Do not try to start commotions or establish a bad blood towards another occupant. Any form of fighting is prohibited in the dormitory. Expulsion from the facility is the gravest punishment for such actions.

Always try to figure out the cause of the problem and a solution. So when you need to confront the person, you will have peaceful resolution and not hold grudges with each other. Remember that you are brothers or sisters inside the dormitory regardless of your gender, course, and status. You must always treat each other as a family.

Privacy is rare

Dormitories were made to accommodate a handful of students. Don’t expect much privacy because one room can have six to twelve persons inside. Which means everyone knows every single thing you do. Like it or not, privacy is hard to come by inside the dormitory.

But even if it does not sound ideal, there is a beauty in it. One thing is for sure that you will never be alone. You will have people around you whom you can ask for help even in emergency situations. They can be a source of laughter and comfort in times of disappointments. It is like having comrades who will always be there whenever you need a helping hand.

Asking is one key to survival

Most college students define themselves as financially broke and cannot afford to buy the things they want. Time will come where you will realize that you are already short on supplies. But in dormitories, that is not a problem at all.

This is a funny trivia that all dormitory occupants can relate to. Your roommates are an endless source of supplies. Whenever you need an extra sachet of shampoo, toothpaste, detergents, hangers, and yes, even money as well. Just ask nicely and they’ve got your back.

So you have to be prepared to share what is yours because there will always be a time when you will be the one in need.

Respect is the way

One of the core values of VSU dormitories is respect. Occupants are taught not to discriminate no matter what the sex, gender, age, course, and status is. All must receive equal respect as how it should be.

Always be mindful of what other occupants think and be careful not to offend anyone. Observe proper decorum and learn to apologize for mistakes even if they are unintentional. Normalize saying “thank you” as well to show your genuine gratitude in every help you get. Learn to use “kuya” and “ate” when addressing big brothers and sisters. It is always a good way of showing respect towards their seniority.

A simple reciprocity of respect is the most important factor that maintains peace and order in every dormitory.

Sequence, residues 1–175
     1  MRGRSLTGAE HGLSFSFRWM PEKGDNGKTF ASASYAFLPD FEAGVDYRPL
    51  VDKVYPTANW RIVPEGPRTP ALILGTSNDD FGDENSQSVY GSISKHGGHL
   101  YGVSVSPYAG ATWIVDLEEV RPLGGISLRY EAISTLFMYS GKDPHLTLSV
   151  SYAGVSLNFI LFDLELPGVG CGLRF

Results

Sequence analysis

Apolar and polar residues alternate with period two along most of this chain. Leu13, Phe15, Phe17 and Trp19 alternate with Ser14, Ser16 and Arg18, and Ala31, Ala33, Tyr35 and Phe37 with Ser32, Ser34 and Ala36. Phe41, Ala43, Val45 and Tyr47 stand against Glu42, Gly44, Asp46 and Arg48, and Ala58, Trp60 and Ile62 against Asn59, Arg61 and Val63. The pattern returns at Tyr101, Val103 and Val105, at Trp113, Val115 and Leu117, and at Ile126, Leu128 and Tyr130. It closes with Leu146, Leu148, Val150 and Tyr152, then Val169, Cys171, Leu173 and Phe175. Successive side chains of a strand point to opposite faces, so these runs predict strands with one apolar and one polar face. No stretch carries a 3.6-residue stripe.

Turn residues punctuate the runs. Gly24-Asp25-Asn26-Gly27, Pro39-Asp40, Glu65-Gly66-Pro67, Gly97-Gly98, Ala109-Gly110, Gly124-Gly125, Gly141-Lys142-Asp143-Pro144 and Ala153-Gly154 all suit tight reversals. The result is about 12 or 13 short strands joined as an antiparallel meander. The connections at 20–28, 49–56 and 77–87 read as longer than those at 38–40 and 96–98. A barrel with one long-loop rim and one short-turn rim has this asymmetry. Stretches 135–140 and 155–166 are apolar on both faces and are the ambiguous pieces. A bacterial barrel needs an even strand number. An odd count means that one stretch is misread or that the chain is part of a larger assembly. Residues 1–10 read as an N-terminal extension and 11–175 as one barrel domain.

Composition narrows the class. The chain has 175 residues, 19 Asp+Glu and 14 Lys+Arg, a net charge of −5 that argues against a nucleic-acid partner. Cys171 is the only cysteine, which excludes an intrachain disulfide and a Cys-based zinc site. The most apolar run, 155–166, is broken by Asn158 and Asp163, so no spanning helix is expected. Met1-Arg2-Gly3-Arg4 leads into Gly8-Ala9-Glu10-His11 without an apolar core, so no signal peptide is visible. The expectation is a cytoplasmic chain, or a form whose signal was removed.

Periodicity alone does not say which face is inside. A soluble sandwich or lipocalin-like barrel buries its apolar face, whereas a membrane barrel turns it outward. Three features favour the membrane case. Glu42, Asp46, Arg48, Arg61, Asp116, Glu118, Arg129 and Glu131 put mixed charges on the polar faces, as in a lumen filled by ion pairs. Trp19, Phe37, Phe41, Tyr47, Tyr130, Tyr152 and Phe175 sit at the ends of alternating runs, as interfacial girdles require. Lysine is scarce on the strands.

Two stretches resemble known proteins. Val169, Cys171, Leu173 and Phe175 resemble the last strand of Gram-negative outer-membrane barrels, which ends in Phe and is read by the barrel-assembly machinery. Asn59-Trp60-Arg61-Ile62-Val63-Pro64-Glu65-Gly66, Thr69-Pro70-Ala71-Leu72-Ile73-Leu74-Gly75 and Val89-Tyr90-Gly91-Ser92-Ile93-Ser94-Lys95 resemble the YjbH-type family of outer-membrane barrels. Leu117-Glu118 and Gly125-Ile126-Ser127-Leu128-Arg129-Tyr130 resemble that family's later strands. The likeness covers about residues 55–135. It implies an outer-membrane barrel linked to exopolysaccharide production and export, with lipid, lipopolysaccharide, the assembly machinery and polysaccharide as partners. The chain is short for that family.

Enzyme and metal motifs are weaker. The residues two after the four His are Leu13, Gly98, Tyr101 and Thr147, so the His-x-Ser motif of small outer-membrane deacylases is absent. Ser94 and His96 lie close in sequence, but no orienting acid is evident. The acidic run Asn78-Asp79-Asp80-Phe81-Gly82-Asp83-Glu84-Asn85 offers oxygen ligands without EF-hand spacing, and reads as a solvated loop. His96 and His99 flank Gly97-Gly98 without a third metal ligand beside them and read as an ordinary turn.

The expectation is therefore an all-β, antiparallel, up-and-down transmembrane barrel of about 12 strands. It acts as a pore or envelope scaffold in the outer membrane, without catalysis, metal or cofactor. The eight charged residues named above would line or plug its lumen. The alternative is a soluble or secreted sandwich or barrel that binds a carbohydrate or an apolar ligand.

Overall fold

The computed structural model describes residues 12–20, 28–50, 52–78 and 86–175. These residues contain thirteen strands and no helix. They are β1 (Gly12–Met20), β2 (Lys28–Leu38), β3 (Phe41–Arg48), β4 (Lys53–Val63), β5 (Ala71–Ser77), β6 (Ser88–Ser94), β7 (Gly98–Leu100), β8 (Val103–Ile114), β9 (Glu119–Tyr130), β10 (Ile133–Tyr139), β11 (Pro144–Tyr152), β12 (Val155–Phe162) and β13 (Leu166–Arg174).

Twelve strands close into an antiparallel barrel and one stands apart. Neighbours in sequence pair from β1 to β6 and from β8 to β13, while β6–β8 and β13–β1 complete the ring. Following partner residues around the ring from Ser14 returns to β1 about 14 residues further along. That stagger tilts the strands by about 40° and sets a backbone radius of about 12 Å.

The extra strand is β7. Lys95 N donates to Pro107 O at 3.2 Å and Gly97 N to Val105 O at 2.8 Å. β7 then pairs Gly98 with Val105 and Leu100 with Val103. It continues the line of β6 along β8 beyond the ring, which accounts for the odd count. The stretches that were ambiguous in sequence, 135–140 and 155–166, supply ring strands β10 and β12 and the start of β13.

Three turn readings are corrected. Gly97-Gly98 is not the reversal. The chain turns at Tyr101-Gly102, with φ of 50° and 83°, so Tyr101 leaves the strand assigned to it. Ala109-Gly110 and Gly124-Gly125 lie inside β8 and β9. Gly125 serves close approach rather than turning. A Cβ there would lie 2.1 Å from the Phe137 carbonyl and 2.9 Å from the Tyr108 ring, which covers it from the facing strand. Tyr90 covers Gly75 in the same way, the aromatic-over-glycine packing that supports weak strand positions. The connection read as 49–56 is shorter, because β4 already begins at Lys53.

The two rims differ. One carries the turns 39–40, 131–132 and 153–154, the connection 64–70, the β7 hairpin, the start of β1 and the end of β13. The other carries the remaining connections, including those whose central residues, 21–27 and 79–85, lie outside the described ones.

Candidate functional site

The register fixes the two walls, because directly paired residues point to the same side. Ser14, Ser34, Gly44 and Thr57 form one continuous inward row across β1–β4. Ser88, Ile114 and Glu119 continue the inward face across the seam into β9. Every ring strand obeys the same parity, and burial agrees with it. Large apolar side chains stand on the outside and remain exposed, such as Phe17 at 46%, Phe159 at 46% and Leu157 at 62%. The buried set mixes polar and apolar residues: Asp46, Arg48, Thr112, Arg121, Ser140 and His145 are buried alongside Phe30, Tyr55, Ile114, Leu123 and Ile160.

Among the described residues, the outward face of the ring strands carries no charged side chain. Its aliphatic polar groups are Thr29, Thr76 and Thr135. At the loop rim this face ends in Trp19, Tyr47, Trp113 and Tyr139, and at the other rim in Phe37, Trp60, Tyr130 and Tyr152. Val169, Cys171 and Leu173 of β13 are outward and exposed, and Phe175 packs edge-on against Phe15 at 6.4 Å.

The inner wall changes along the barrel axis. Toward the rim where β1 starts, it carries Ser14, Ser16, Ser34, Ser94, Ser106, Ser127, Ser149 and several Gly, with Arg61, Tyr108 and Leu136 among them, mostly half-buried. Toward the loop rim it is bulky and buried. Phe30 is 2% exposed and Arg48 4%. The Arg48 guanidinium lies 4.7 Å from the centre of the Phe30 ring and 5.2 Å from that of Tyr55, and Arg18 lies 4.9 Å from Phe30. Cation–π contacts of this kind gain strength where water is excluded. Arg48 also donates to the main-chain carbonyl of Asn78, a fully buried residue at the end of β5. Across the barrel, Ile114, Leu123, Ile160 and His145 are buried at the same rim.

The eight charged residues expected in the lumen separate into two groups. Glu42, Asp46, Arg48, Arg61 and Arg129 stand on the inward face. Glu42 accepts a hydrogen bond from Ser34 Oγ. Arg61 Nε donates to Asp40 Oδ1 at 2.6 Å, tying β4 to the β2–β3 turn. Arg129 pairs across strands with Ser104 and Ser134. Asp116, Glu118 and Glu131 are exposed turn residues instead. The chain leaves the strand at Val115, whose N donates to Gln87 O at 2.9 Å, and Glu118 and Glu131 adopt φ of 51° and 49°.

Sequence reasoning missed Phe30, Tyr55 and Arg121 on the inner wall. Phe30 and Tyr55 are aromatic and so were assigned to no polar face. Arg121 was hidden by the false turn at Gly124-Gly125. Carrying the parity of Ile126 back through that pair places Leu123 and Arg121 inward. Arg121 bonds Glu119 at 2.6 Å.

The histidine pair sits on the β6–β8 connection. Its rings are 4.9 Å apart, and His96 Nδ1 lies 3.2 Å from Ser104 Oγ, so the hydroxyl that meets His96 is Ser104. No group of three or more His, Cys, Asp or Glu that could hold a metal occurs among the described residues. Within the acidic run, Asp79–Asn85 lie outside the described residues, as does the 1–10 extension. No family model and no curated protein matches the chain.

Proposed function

The semestral evaluation

If there’s one thing that makes VSU dormitories and “Pinoy Big Brother” alike, it is the semester evaluation. Not all occupants can stay forever in the dormitory. Only those who have observed the rules and gave participation to events can continue living in the dormitory. Hence, the evaluation is the way to handpick deserving occupants.

The evaluation is usually administered by the dormitory adviser, student assistants, anda set of evaluators chosen from the occupants as well. They rate your performance in the dormitory based on your attitude and observation of the house rules and regulations. A high grade can retain an occupant giving him/her a secure slot for the next semester while a low grade can either put him/her in waitlist or worse fail, which means that he/she could no longer stay in any dormitory in the campus.

That is why you must give your best to respect the rules of the dormitory and avoid getting involved in situations that can diminish your reputation.

VSU may not have the most luxurious dormitories that can give you the most classy accommodation. However, the university together with the occupants have tried their best to offer a comfortable life for every student.

The longer you stay in the dormitory, the more you realize that it is not about how aesthetic the facility is, it is about the genuine friendship and connection that you will be able to make through the years to come.

Dormitory life is not easy and it will never be. However, you will never feel alone throughout your college life. There will always be people around you who will accompany you in your hardships until the day of your graduation.


Margraf von Jean Eslopor contibuted in this story.